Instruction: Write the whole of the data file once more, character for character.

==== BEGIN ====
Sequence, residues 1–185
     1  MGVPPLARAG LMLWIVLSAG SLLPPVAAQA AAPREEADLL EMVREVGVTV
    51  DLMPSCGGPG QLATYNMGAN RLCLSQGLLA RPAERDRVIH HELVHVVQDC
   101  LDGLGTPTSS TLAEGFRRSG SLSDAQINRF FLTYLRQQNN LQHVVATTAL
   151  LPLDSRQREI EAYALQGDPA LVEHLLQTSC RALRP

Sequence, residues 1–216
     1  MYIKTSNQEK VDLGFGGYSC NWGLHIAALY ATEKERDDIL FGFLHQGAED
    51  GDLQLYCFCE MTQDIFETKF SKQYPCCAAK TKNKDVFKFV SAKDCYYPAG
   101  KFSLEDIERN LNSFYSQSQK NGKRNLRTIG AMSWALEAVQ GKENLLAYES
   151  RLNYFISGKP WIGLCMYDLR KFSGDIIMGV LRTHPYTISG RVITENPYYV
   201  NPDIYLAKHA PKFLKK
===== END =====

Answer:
Sequence, residues 1–185
     1  MGVPPLARAG LMLWIVLSAG SLLPPVAAQA AAPREEADLL EMVREVGVTV
    51  DLMPSCGGPG QLATYNMGAN RLCLSQGLLA RPAERDRVIH HELVHVVQDC
   101  LDGLGTPTSS TLAEGFRRSG SLSDAQINRF FLTYLRQQNN LQHVVATTAL
   151  LPLDSRQREI EAYALQGDPA LVEHLLQTSC RALRP

Sequence, residues 1–216
     1  MYIKTSNQEK VDLGFGGYSC NWGLHIAALY ATEKERDDIL FGFLHQGAED
    51  GDLQLYCFCE MTQDIFETKF SKQYPCCAAK TKNKDVFKFV SAKDCYYPAG
   101  KFSLEDIERN LNSFYSQSQK NGKRNLRTIG AMSWALEAVQ GKENLLAYES
   151  RLNYFISGKP WIGLCMYDLR KFSGDIIMGV LRTHPYTISG RVITENPYYV
   201  NPDIYLAKHA PKFLKK